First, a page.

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Discussion Starter · #1 ·
I have a Craftsman Snowblower with 15 x 5.0 - 6 tubeless tires. It's getting old and has bead leak. Probably due to rust. Flat fixed didn't last. i read that you shouldn't put tubes in tubeless tires. I can't see why not. Not like it will cause tire to overheat at those high speeds. I know I'll probably never separate rim from axle, so I'll do it on the machine. Any thoughts. Thanks for any help.
 

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I never heard that one.

I will tell you, on older tires on small rims, the rubber is not as pliable as most new ones, it can certainly be a challenge, and a bit of a learning curve. Many people pinch the tube and render it useless.

Are these tires in good shape and worth it, with good snow tread still?

I have a mini tire changer, with all the proper setup, and do tires somewhat often, so not much of an issue for me.
 

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I am planing to do the same thing (tube in tubeless tire) on my Murray machine. The tire is not in great shape, but with a tube it should last for quite a few years. Hopefully by then, I will have picked up a few machines to use for parts.

I will post an update on how I did it, when I figure out how to do it.
 

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I put a tube in a tubeless tire all the time.
 

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I have a Craftsman Snowblower with 15 x 5.0 - 6 tubeless tires. It's getting old and has bead leak. Probably due to rust. Flat fixed didn't last. i read that you shouldn't put tubes in tubeless tires. I can't see why not. Not like it will cause tire to overheat at those high speeds. I know I'll probably never separate rim from axle, so I'll do it on the machine. Any thoughts. Thanks for any help.
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If you have not done it all ready order tubes with the 90 degree metal valve stems and then ask if you could have some of the graphite tire lubricant to coat the tube and the rim the more lube you wipe on the tube the better as it will let the tube slide in the tire more easily and expand with no friction to its final diameter.
After you slip the lubricated tube in the tire slide the valve stem into the valve stem hole and pull it up and use a small vice grip to hold it with light pressure. then remove the valve core so you can air up the tube to seat the rim under low pressure and then run the pressure up to 12 PSIG or what ever the maximum rating is and then remove the inflator from the stem making sure the vice grips are still locked on the valve stem.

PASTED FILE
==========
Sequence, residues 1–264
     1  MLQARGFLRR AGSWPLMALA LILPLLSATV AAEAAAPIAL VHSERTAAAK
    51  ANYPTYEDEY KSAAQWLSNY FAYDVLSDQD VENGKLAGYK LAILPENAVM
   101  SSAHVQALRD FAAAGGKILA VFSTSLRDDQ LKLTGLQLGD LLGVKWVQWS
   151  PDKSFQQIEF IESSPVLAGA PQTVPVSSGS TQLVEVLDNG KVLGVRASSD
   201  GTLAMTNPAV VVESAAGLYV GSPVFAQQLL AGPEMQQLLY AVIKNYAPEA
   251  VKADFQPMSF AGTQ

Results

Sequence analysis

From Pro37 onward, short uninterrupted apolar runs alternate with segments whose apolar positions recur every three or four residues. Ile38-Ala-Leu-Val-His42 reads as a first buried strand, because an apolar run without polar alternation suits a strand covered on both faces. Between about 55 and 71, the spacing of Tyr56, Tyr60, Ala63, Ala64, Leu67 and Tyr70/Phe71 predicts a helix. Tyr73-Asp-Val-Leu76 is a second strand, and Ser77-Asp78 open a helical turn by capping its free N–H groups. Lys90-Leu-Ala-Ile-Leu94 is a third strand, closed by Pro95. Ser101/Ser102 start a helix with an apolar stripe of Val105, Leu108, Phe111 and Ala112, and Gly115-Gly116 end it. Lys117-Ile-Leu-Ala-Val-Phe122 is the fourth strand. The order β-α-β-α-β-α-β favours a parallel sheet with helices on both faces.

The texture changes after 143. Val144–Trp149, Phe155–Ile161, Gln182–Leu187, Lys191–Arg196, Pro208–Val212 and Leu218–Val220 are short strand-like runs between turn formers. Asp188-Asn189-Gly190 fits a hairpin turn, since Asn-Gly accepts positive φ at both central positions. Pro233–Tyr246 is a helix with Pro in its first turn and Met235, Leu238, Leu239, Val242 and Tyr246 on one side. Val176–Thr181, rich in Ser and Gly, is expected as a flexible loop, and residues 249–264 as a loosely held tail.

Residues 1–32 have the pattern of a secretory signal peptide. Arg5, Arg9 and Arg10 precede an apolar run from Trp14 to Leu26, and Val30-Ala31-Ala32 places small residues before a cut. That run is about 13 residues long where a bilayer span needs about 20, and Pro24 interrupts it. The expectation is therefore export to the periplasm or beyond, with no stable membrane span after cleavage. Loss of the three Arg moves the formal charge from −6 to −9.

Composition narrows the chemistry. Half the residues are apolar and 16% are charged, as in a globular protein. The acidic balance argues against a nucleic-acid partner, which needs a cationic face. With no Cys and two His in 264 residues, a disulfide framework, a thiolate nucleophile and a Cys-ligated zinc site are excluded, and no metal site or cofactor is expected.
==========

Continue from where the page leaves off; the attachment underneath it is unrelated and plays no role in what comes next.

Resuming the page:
After the tire is seated on the bead you will see some of the graphite tire lube on the edge of the rim and that is just fine so no worries about that. With the tube deflated reinstall the valve core being careful to use a light touch threading it in the metal stem until it is seated.
Re-inflate the tire and make sure you leave the snow blower tires off the ground with lumber under the belly plate so they do not flat spot on you.
 

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I have a Craftsman Snowblower with 15 x 5.0 - 6 tubeless tires. It's getting old and has bead leak. Probably due to rust. Flat fixed didn't last. i read that you shouldn't put tubes in tubeless tires. I can't see why not. Not like it will cause tire to overheat at those high speeds. I know I'll probably never separate rim from axle, so I'll do it on the machine. Any thoughts. Thanks for any help.
The elimination of the tube is so the mfg can save a little money..tube er up.
If you can't find the correct tube then get one a little smaller..they will stretch alot..its no big deal.
Small tires are harder to work with than larger tires..Some shops will put in a tube for you if you buy the tube from them..I tube mower tires that have problems with them leaking around the bead or busting the seal on the bead due to ruts in the ground.
Tubes been running be less than ten bucks here for small front tires on mowers..may be a little higher for a larger tire..say 15 bucks..still a bargain ..beats having to wrestle with getting the tire to bead...especially in the winter when tires are stiff as what you have to deal with.

Sent from my SM-A115U1 using Tapatalk
 

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Discussion Starter · #7 ·
I never heard that one.

I will tell you, on older tires on small rims, the rubber is not as pliable as most new ones, it can certainly be a challenge, and a bit of a learning curve. Many people pinch the tube and render it useless.

Are these tires in good shape and worth it, with good snow tread still?

I have a mini tire changer, with all the proper setup, and do tires somewhat often, so not much of an issue for me.